In just a few months, she’s developed a successful circuit of stops that includes farmers markets in Woodland Park and Old Colorado City, military bases and U.S. Air Force Academy football games, as well as offices. Businesses hire her for regular visits or events like staff appreciation day.

“The opportunities are endless, really, when you think about it,” she said.

Mobile boutique

When best friends Amie Bennight and Julie Megahan stepped into a vintage fashion truck at a holiday event in December 2016, something clicked.

Bennight, who was working full time with the Community Partnership for Child Development’s Head Start program, and Megahan, a stay-at-home mom, had no intention of starting a business.

“But we looked at each other and we just said, ‘We’ve got to do this,’” Bennight said.

A few months later, “this old school bus popped up on our radar,” she said. “It was like a sign.”

The two spent the summer of 2017 transforming the bus into Delilah’s Fashion Truck, refurbishing every square inch themselves.

“My garage turned into our workspace,” Megahan said.

They took Delilah to their first event in September, and customers loved the mobile boutique.

“I kind of jumped off the cliff and left CPCD,” Bennight said.

Bennight and Megahan found that their skills meshed well. Megahan, who had a background in retail, does all of the buying, while Bennight handles marketing, the website, social media and bookings.

“Our merchandise is filling a niche boutique-wise that wasn’t being filled in terms of helping women of all shapes, sizes, ages, colors and interests,” Megahan said.

Bennight and Megahan drive Delilah to markets, festivals, private parties, businesses, schools and churches.

One of their biggest events is the annual Vintage Market Days at the Norris Penrose Indoor Event Center, which this year occurs Nov. 22-24, and they’re partnering with three other boutiques Oct. 19 in Old Colorado City for an annual “shop hop” called RendezBoo on the Avenue.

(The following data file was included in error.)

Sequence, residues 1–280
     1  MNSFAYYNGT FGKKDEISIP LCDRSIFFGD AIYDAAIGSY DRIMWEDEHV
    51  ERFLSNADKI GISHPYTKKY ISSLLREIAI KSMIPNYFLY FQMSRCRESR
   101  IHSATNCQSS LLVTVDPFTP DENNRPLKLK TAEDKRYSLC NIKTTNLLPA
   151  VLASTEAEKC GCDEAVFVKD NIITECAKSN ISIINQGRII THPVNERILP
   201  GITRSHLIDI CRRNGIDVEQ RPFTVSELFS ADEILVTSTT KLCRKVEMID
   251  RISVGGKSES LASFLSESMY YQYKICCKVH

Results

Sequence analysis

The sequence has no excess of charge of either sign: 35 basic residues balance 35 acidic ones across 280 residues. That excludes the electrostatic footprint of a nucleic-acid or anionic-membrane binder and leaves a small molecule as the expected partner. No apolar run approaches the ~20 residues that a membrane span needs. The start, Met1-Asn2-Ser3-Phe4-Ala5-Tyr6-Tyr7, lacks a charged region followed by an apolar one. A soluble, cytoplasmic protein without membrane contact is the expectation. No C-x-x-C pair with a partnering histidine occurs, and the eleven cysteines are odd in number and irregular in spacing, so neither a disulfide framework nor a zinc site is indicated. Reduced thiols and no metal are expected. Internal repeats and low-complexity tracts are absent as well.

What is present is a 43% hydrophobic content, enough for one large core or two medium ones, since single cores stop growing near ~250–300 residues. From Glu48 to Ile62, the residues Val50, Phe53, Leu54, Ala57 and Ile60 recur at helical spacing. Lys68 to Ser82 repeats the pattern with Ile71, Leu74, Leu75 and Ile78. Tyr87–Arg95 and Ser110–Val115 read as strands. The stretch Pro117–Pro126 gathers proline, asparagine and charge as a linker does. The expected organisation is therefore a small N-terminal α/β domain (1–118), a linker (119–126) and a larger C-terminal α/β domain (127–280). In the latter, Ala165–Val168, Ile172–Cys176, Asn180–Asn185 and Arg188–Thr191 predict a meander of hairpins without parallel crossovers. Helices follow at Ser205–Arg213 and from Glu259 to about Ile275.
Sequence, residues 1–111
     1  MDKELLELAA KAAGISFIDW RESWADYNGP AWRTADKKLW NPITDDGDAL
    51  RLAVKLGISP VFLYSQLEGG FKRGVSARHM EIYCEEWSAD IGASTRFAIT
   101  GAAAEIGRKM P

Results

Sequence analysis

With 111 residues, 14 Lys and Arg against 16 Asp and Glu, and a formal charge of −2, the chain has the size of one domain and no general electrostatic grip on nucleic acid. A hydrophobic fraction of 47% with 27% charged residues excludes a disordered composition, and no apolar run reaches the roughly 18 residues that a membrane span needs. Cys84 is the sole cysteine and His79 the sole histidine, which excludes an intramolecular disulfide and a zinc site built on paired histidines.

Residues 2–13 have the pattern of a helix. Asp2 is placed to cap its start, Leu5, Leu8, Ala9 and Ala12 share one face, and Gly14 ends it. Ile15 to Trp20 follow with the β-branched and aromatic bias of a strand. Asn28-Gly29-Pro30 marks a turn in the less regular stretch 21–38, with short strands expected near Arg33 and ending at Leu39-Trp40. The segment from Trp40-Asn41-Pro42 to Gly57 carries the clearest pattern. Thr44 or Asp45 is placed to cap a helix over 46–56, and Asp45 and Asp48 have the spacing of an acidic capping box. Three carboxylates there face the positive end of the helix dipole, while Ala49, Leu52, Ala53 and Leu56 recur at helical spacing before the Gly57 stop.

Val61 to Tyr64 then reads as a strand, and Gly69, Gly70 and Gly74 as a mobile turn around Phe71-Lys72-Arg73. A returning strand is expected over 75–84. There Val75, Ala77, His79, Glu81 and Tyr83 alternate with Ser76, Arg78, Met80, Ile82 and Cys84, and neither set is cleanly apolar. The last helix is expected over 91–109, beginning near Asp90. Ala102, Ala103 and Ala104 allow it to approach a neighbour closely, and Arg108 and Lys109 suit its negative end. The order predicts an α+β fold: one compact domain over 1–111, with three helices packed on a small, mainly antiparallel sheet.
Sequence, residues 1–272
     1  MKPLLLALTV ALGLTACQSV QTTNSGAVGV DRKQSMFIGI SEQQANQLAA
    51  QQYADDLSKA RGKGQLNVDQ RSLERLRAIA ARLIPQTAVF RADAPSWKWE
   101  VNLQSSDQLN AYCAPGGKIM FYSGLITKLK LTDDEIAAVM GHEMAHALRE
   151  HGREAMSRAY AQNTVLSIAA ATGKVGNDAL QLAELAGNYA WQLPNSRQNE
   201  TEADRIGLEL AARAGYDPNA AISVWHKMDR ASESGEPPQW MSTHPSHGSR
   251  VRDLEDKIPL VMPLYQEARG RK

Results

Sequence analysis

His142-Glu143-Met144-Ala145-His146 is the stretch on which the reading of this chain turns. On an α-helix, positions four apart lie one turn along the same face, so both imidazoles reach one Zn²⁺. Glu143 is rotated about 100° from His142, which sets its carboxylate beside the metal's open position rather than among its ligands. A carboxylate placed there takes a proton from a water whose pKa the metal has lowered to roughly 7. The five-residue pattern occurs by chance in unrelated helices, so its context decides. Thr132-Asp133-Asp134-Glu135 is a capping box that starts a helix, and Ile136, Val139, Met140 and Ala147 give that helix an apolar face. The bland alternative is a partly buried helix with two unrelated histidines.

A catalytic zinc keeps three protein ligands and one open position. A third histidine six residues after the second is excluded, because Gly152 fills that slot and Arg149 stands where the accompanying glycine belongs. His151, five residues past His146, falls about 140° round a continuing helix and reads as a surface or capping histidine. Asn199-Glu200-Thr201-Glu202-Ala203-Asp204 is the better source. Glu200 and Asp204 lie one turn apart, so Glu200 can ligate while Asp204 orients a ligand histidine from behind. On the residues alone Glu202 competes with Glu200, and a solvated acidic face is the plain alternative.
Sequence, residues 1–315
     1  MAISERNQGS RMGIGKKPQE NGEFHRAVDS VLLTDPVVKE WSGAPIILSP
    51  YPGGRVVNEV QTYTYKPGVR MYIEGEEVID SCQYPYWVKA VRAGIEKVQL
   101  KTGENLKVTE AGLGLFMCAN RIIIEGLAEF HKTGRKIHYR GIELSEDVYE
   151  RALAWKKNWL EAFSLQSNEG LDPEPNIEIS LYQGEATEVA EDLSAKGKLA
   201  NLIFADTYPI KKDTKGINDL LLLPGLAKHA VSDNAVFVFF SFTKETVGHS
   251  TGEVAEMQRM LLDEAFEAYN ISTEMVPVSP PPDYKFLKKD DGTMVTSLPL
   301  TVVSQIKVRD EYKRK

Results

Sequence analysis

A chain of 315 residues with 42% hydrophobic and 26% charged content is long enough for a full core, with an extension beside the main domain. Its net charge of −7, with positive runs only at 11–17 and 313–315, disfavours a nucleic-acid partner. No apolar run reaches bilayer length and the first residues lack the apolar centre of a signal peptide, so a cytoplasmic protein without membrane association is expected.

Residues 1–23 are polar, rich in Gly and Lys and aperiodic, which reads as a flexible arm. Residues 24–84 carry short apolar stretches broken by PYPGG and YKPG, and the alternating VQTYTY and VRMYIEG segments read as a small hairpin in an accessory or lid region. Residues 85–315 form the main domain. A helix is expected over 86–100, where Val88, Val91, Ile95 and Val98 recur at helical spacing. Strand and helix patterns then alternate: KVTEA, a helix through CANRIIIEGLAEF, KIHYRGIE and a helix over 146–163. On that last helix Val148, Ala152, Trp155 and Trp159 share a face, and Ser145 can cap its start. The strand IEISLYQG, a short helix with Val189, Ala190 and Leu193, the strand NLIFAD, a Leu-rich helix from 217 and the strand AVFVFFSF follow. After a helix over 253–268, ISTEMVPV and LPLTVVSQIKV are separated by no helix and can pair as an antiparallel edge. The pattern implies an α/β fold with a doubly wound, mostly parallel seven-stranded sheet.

In the past year, Delilah has spawned two brick-and-mortar locations.

Jen Sheriff, owner of Splendeur Salon and a longtime friend of both women, had been letting them park the bus at her location at 1314 W. Colorado Ave.

When she decided to renovate the Victorian cottage that houses the salon, she offered them a storefront space where they could generate additional traffic and keep their merchandise when it wasn’t loaded onto the bus.

“The partnership has thrived,” Bennight said. “We help with her clients coming in and out; we fold towels, we make coffee, and we do administrative stuff for her, as well as run the boutique.”

Last month, Delilah’s Boutique moved into another shared space they rented in the French Ruffle Market, a vintage home décor store in Monument.

“Our business model is, we don’t owe anybody any money,” Bennight said. “It’s not big-time dollars we’re talking about here. We just keep building on what we have.”

Megahan added: “What entices us is that each time we do a show or an event, it’s really not about what we make. It’s about the relationships we build and the comments we get back.”